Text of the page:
I was born in the Mississippi Delta to a Venezuelan immigrant and a white southerner, then moved to Memphis where—like all public school children there—a field trip brought me to the shadows beneath the balcony of the Lorraine Motel, the place Dr. Martin Luther King, Jr. was assassinated. These early memories still drive my interest in race and religion, politics and resistance, and the ethical questions raised in the context of ongoing collective struggles toward justice.
In the classroom, I hope not merely to introduce my students to these histories, but to equip them with capacities to reflect on their own lives as ethical agents, conditioned but not determined by the ongoing effects of these histories in the present. I teach in the Ethical Engagements, which I view as a special laboratory for reflecting on the deepest questions of a human life: What would a good life look like? What would it sound like, feel like, smell like, taste like? What should I do with myself and my time? With my labor and my rest? With my enjoyments and pleasures? How should I live in view of the particular ways I both profit and suffer from particular injustices—past and ongoing? These are ethical questions.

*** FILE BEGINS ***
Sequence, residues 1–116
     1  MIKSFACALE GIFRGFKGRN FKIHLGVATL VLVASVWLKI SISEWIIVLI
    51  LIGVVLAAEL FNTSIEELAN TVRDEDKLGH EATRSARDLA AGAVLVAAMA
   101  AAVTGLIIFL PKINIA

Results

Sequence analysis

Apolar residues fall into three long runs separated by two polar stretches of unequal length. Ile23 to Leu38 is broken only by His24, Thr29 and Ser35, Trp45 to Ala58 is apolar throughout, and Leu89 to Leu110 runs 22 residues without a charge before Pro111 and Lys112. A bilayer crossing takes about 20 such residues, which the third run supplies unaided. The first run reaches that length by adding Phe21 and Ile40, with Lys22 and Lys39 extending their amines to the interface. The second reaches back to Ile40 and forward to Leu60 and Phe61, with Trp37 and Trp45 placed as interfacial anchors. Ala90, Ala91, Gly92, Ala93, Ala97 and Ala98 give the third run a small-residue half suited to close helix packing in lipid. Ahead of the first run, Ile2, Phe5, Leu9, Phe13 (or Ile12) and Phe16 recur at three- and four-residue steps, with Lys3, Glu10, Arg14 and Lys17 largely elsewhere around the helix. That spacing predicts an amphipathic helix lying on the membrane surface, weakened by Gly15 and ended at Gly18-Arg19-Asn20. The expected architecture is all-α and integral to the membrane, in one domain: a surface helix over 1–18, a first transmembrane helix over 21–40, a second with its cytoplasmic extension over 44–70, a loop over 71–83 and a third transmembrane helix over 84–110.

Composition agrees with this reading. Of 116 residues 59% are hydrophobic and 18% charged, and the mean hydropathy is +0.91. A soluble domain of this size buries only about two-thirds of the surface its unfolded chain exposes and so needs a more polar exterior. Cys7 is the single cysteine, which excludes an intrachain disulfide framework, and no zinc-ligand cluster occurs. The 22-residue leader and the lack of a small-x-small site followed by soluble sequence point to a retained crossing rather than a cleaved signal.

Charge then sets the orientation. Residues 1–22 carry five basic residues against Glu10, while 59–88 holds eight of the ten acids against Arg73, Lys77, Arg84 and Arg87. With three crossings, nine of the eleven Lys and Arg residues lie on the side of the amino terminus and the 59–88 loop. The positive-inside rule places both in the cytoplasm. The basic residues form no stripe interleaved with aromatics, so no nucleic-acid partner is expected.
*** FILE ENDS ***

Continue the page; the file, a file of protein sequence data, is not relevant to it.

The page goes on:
In my doctoral work, I took up the haunted ethical question of how Christian theology, especially in one of its key early architects—Augustine of Hippo—has negotiated its own vision of social life in relation to slavery, while exploring what this historic intimacy between Christianity and slavery means for ethical life in a world still marked by the structures of race and white supremacy. After living in Durham, North Carolina for nearly ten years, where I earned my Master of Divinity degree and my PhD in Religious Studies at Duke University, I am excited to live, teach, and think in Charlottesville.